Picnic Concerts: Ásta (IS)


15:00
Free entry

Classically trained, but writing always about the here-and-now, experiences are woven into Ásta’s songs like needle and thread. Some painful; all of them deeply personal.

A singer-songwriter by nature but more so a storyteller, Ásta has defined her style with a direct, genuine and thought-provoking honesty. Connections are the basis of life, and Ásta has a natural ability to identify with an audience. She has already earned a 3rd place in the famed competition Músíktilraunir, been nominated as Folk Album of the Year at the Icelandic Music Awards, and voted Best New Artist at Iceland Airwaves.

Interview with Ásta:

You have a song called Melabuðin, how come you name a song after a grocery store in Reykjavik?

I wrote the song after having been in Melabuðin. It is such an inspiring store with narrow hallways and many different things and goods. There were some young guys there who really tried to be cool, tanned and with tough clothes and hairstyles. The hallways are so narrow that there is no private space in the store, you just stand next to other people. I heard one guy ask “Which girl are you in love with?” I thought it was such a fun and cute moment, because they were so innocent and sweet. They tried to be cool but they were just little boys with feelings spying on girls. The essence of the song is that it does not matter how much we try to look good and cool – we are all just people with feelings.

You have studied viola in Copenhagen, what did you take with you from that?

I learned a lot. Both from being in school and learning from teachers and fellow students, but also from moving to another country and experiencing a different culture and a different city that is not here. When I moved to Denmark I felt “This is wonderful, I love Denmark and Iceland is awful!” This is often the case when you experience something new. But over time, I began to miss the mountains of Iceland and to see the sea every day. A big part of the Icelandic soul is that the sea is just there.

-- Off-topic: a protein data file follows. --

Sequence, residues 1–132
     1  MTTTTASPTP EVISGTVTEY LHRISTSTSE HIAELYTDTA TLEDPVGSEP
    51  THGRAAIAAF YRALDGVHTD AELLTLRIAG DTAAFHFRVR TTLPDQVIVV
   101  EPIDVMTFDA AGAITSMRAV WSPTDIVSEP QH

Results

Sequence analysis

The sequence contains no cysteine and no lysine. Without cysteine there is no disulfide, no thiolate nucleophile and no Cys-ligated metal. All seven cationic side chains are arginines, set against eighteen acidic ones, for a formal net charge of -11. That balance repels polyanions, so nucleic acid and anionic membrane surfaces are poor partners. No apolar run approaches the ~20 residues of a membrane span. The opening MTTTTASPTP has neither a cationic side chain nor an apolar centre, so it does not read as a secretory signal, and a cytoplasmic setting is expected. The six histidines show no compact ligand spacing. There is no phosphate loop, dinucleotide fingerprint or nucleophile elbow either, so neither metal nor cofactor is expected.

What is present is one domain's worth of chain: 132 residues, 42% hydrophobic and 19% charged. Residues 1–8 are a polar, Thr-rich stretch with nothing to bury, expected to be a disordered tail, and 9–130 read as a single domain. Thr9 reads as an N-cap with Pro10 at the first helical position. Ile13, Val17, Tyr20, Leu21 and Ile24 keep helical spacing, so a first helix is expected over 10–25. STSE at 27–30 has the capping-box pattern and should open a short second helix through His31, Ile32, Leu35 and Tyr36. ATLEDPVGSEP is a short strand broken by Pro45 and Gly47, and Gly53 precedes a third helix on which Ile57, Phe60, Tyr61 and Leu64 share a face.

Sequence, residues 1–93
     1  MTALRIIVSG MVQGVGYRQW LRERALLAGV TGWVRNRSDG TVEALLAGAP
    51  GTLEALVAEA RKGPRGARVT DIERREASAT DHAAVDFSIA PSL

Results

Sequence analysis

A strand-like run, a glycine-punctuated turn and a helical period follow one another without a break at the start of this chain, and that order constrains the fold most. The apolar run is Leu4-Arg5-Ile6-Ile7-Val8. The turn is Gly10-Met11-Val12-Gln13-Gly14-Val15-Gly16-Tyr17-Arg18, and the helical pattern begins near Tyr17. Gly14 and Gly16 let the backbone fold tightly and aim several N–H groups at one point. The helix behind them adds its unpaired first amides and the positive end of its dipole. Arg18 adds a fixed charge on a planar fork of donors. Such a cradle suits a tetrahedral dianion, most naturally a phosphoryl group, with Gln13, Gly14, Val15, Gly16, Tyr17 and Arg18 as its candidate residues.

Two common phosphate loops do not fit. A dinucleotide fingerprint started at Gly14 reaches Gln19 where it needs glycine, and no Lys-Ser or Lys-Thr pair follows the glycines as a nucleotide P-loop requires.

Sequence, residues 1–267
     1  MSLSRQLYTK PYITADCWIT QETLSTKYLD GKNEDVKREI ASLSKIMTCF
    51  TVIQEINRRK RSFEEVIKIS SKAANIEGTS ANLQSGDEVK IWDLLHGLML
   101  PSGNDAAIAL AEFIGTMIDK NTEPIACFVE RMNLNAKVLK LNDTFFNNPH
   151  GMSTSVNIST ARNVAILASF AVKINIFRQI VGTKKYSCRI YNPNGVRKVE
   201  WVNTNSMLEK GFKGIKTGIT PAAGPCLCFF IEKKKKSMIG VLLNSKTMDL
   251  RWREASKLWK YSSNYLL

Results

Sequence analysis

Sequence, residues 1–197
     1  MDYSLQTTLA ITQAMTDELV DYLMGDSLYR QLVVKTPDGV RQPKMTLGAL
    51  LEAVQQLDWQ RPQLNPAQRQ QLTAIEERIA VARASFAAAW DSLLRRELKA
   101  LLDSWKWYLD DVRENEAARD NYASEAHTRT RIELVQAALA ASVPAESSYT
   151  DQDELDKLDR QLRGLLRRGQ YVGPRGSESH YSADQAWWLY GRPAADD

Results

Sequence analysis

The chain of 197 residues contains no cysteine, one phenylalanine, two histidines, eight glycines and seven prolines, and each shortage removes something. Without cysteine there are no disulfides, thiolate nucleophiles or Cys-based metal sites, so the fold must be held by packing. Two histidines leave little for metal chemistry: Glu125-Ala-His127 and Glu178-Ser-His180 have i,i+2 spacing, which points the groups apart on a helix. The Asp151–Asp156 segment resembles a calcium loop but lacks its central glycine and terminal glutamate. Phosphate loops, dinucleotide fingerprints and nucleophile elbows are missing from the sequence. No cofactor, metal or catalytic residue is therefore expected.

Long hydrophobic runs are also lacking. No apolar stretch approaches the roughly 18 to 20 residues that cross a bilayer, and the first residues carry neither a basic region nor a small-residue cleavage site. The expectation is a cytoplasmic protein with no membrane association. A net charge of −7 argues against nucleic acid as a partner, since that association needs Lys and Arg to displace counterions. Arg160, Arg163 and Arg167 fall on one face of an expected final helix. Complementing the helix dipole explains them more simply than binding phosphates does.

Do you think you would have written the same kind of music if you had not lived in Iceland?

No. If I had continued to live in Copenhagen, I would not have started composing music. I have been playing viola for so long in this classical world and always practiced. I was in my own world for a very long time, in some kind of bubble. I did not know that there was anything more in me than just a classical violinist and I do not think I would have found it if I had not broken out of that box.

Which chord is your favorite chord?

This is a big question. It always depends on what mood you are in. But all chords that have halftones in them. It’s something with halftones that I love.

You have a song called Kaffi hjá Salóme, and Salóme is a musician and your friend who will also come here and play later this summer. Do you ever feel that you are competing against each other?

I want to say no. I try not to compete against others, but there is a great start in me to always have to be the best. When I was little, I wanted to be the world’s best violinist and best in class. It’s some kind of competitive instinct that is in me. I have to remind myself every day that it is not a competition, and I rather support other artists than compete against them. It’s hard for me sometimes, but this song reminds me of that.

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